How the Beatles Inspired This Wedding, 16 Years in the Making
Pittsburgh musician Paul “Weird Paul” Petroskey found wife Niffer Desmond through twists of fate that led them to a “Yellow Submarine”-themed wedding in Hawaii.
Sixteen years to the day of their first date, Paul Petroskey and Niffer Desmond were married.
But their love story began well before their first date.
While working at a record station in college, Desmond discovered one of Petroskey’s CDs — his artist name is Weird Paul — and fell in love with it. It wasn’t until the internet provided search tools that the two were able to connect; she listed Weird Paul as one of her favorite bands on MySpace, and Petroskey found her and sent her a friend request.
In 2007, Desmond, who was based in San Francisco, decided to visit her aunt in Butler, not far from Petroskey’s home in Pittsburgh. Petroskey met her there, and a week later they were officially dating.
Petroskey, it turns out, had been made aware of Desmond in a way too — a former girlfriend had given him a DVD music video from the San Francisco band The Residents, a video Desmond had produced.
“We both had kind of been exposed to each other’s work and art before we met,” Petroskey says.
The two said their entire relationship has been like that, finding out little things that seem to say they’re made for one another.
When they married on Jan. 20, they chose a Beatles “Yellow Submarine”-themed celebration in Hawaii. Their theme was meant to celebrate their love of music and the Fab Four, and their locale was chosen for a few reasons — Desmond’s father lives in Hawaii, and it also fit perfectly with the name of one of Petroskey’s songs from 1995 — “I’m Gonna Go to Hawaii.”
“I’ve always said, I’m not real big on travel, it’s not something I’m excited about, but I’ve always said I wanted to go to Hawaii. I wanted to see Hawaii,” he says.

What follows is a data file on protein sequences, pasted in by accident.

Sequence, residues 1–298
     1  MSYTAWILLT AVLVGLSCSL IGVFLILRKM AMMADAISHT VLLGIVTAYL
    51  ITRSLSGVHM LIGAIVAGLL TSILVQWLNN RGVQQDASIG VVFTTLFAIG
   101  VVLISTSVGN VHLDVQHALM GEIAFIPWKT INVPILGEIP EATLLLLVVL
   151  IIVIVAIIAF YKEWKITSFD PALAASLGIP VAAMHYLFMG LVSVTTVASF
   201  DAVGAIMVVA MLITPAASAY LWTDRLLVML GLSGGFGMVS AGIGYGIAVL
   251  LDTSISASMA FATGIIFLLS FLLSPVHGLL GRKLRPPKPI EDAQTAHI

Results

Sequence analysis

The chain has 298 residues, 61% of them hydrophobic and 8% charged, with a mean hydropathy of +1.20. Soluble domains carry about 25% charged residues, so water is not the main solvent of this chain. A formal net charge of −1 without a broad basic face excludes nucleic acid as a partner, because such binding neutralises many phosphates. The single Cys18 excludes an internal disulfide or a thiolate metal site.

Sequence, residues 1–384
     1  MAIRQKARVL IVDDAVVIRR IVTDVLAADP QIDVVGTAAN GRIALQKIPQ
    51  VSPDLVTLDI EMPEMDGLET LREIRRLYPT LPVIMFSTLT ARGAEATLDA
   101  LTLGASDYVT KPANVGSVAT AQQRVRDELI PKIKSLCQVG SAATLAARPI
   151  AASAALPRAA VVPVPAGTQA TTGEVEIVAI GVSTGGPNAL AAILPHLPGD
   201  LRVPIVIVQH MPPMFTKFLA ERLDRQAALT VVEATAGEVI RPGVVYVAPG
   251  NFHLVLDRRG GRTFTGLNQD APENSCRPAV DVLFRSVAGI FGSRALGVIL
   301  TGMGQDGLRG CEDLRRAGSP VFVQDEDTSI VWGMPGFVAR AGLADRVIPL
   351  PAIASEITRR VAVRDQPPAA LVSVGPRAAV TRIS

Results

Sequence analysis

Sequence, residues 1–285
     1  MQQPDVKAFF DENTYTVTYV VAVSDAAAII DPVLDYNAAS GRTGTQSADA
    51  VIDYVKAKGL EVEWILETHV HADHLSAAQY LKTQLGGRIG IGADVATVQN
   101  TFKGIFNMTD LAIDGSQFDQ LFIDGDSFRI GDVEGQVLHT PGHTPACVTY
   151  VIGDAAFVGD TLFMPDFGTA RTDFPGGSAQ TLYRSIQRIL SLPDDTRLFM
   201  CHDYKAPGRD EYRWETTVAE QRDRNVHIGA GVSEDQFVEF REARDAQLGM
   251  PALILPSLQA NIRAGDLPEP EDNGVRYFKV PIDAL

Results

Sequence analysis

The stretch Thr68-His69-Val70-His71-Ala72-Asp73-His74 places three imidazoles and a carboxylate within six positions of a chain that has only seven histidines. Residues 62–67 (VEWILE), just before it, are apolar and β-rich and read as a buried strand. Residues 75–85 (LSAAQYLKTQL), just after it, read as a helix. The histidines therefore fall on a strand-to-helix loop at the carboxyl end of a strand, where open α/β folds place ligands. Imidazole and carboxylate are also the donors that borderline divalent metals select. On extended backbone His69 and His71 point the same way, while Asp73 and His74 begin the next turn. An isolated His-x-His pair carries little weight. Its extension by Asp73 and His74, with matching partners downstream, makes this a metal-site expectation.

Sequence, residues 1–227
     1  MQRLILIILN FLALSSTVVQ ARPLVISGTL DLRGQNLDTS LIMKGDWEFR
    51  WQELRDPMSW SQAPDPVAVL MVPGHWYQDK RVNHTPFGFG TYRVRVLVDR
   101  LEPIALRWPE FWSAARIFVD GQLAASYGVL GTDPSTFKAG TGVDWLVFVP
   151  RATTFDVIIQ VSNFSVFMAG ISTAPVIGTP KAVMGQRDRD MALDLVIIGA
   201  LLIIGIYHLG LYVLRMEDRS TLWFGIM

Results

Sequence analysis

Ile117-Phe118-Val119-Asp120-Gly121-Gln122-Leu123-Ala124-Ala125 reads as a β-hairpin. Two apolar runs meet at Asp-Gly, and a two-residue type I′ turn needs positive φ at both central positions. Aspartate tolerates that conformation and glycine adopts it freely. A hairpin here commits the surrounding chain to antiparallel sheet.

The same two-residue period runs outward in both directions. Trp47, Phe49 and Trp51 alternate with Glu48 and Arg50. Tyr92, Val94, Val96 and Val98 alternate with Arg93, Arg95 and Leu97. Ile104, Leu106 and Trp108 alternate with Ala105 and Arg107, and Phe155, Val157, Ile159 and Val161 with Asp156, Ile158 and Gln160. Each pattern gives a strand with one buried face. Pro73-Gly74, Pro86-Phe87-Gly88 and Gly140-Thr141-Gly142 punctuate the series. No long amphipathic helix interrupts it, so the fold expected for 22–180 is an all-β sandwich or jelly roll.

Petrosky notes one of his favorite things about their celebration was it became a spectacle; their officiant wore a yellow submarine costume and the couple dressed in colorful costumes inside the Byodo-In Temple — Desmond curates vintage Japanese wares in her Etsy shop, KimonoSoul. Many tourists stopped to watch, and the next day, in the hotel elevator, a man recognized him.
“They said, ‘oh, you’re the one who got married yesterday in the temple.’”
“We wanted to share this occasion as a big celebration of love and make it really fun also for everyone involved,” says Desmond. “People really seemed to have a good time. We gave them kazoos so they could sing along to the ‘Yellow Submarine’ song.”
To celebrate with local friends and family, they’ve decided to host a celebration in May in Pittsburgh complete with a ring exchange — in Hawaii they only exchanged leis. The theme will be the Roaring ‘20s.
“I think Niffer and I, really when we do things, we like to make it memorable no matter what it is,” Petroskey says. “We want it to be something people won’t forget easily, and I think the wedding was still part of that.”
“I don’t think I have that in mind, it just happens naturally,” Desmond adds.